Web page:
As the administration of US President Donald Trump barrels through its second year, the administration has yet to release a policy or plan for African relations and is, in fact, largely ignoring the continent.
Trump was in office for more than a year before he met with a leader of an African nation, welcoming President of Nigeria Muhammadu Buhari to the White House just last month. And even that meeting — during which the two leaders primarily discussed the decade-long insurgency by Boko Haram — was clouded by Trump reportedly describing African nations as “shithole countries” in January.
After the meeting, Buhari said he didn’t bring up the disparaging comments, stating, “The best thing for me is to keep quiet.”
It also took more than a year before a top-level member of the administration visited the African continent. Former Secretary of State Rex Tillerson made a trip to Africa in March — and he was fired by Trump via Twitter while on the tour, cutting his weeklong trip one day short. Some hoped the trip would jumpstart a conversation on Africa, but Tillerson’s firing also cut those expectations short. The new US secretary of state, appointed in April, former CIA Director Michael Pompeo, is not expected to drive new interest in Africa. Instead, Pompeo is expected to zero in on security issues.
The world competes for Africa
The United States’ turnaround in Africa comes at an interesting time. European countries, especially powerhouses like Germany and France, are prioritizing African relations and new opportunities for investment; China and India continue to stand out as top investors in Africa, competing and staking claims across the continent in just about every sector possible; and the Middle East is launching a fresh dialogue with Africa, especially in relation to cooperation on oil and gas.
Trump’s approach to Africa, or lack thereof, also comes after the administrations of former US Presidents Barack Obama, George W. Bush and Bill Clinton pushed Africa-focused aid and economic development programs. Barack Obama’s Power Africa program has been particularly effective at bringing investment to the power generation sector, and Clinton’s efforts to promote trade have impacts still felt today.
The interest in Africa from around the world is well founded — Sub-Saharan Africa has one of the youngest populations on the globe, and therefore one of the largest potential labor forces. It has a fast-growing middle class, a wealth of untapped natural resources, vast manufacturing and industrialization potential and hosts six of the world’s 10 fastest growing economies.
The Hill notes that Africa represents $5.6 trillion in market opportunities and is expected to have 1.52 billion consumers by 2025.
According to the World Bank and the World Economic Forum, Africa is poised to become the “next great investment destination.”
Africa is not Trump’s priority
In a speech on Africa at the United Nations General Assembly on September 20, Trump did stress that Africa is an attractive place to do business.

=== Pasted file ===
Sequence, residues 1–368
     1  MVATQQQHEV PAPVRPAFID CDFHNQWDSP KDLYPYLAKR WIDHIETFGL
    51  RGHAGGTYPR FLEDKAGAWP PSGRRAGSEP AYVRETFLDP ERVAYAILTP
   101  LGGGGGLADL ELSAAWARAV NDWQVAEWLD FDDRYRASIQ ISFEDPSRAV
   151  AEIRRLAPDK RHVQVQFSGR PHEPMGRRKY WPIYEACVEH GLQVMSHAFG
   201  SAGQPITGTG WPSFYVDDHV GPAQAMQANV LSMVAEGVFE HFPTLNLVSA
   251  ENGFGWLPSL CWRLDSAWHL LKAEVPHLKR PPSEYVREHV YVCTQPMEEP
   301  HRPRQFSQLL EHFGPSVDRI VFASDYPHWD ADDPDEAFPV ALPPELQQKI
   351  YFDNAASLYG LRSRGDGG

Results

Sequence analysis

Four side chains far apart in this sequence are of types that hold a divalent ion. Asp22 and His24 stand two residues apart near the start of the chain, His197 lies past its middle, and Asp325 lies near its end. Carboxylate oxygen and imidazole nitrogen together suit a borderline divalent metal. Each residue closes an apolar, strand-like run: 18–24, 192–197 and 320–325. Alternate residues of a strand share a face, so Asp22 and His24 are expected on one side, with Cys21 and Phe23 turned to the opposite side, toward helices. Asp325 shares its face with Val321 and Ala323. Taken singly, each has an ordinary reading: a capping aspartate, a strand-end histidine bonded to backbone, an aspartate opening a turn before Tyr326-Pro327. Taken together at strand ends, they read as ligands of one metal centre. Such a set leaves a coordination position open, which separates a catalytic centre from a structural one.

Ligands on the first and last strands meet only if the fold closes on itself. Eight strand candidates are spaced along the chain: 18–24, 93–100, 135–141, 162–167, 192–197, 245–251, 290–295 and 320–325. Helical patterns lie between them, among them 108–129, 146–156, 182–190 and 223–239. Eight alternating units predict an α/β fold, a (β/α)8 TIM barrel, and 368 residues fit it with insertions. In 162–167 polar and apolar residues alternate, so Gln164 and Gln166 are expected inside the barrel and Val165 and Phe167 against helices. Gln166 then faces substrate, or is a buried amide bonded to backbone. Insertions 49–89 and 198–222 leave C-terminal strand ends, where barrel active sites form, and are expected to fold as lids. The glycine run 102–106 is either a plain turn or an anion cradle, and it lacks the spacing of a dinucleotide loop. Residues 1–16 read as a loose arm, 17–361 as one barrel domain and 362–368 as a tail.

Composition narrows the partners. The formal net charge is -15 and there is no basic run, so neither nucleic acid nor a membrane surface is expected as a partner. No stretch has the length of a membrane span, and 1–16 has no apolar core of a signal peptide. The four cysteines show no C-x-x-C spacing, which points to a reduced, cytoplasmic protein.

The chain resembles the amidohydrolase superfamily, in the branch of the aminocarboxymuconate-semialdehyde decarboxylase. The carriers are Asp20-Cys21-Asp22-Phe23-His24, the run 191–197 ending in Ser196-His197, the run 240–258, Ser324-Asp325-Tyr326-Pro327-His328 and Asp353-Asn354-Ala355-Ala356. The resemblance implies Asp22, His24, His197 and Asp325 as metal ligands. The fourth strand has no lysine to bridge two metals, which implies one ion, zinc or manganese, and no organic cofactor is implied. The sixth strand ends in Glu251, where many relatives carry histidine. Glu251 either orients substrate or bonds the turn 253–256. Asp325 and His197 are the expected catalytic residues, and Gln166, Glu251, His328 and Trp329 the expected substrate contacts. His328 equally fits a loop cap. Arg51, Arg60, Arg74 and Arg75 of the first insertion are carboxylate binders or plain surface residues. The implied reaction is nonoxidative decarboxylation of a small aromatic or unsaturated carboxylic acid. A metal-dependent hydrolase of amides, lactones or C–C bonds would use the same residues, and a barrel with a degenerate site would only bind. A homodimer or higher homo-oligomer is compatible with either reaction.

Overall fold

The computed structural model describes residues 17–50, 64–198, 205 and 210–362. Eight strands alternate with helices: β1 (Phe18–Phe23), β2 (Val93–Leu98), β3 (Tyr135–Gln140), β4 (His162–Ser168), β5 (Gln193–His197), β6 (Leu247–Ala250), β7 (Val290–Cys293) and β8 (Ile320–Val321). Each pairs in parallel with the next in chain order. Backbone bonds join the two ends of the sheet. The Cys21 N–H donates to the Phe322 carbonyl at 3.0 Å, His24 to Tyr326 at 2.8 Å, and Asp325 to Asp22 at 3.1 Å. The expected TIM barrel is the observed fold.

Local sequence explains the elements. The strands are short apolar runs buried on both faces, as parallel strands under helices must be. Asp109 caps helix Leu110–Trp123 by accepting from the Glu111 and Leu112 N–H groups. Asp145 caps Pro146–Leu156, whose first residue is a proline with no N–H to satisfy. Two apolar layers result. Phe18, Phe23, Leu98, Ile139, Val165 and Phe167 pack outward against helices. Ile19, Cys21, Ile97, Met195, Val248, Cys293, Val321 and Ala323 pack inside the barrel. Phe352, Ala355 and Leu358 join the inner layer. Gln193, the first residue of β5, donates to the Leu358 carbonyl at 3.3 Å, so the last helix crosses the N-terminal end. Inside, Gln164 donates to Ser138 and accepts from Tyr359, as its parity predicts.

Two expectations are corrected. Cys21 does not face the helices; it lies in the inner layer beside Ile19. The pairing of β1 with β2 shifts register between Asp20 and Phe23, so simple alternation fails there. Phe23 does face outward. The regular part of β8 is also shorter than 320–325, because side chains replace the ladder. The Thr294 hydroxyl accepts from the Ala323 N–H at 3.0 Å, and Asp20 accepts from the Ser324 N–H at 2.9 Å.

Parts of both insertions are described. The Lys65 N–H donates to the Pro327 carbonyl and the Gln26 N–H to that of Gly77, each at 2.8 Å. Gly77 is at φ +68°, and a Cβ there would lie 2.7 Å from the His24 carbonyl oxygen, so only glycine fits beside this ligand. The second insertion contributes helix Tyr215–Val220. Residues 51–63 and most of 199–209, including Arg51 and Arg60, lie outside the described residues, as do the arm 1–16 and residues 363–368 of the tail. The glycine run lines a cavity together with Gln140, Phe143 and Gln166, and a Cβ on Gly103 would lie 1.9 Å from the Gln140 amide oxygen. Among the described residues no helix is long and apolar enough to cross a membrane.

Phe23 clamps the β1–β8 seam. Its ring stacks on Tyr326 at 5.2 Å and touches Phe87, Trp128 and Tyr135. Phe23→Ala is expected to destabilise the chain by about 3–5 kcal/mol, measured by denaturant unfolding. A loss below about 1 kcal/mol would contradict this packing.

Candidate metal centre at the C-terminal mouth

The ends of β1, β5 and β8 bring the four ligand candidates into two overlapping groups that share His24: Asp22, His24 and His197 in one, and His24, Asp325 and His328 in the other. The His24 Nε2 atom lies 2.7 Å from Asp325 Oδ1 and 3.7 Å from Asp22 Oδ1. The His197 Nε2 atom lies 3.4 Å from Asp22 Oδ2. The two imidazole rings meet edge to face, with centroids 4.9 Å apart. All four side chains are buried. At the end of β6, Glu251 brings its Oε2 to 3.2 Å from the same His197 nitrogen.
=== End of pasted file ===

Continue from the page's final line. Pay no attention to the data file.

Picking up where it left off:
“Africa has tremendous business potential. I have so many friends going to your countries, trying to get rich. I congratulate you, they are spending a lot of money,” he said to a silent crowd. “But it does, it has a tremendous business potential and representing huge amounts of different markets. And for American firms it’s really become a place that they have to go, that they want to go.”
Despite his remarks, the administration’s action on Africa has been notably absent.
And though Trump’s comments on Africa have been limited, the content of his remarks and his actions certainly indicate Africa is not a priority.
So far, Trump has walked out of a G-20 session on Africa in July; removed his headphones while the president of Niger was speaking in French at the G-7 gathering in May 2017; reportedly called African nations “shitholes”; mispronounced the name of Namibia; and mistakenly credited Nigeria as having had a “horrifying” battle with Ebola.
A security-driven approach
According to the Brookings Institute, Trump’s focus on Africa will be on security-related issues.
“In fact, there is little doubt that combating the spread of extremist groups remains of utmost importance to the United States’ Africa policy. One of Trump’s first decisions upon taking office was to impose a travel ban — currently affecting Libya, Somalia and Chad — to protect America against terrorist activities. Each nation that Secretary Tillerson visited is a crucial partner in maintaining regional peace or in fighting terrorism in Africa,” said Brooking’s Landry Signé and Nathaniel D.F. Allena in a March article.
Meanwhile, China has become Africa’s largest trading partner, even as trade with America decreases.
“By prioritizing security and cutting back on aid and trade, the United States may weaken its long-term strategic position on the continent,” Signé and Allena argue.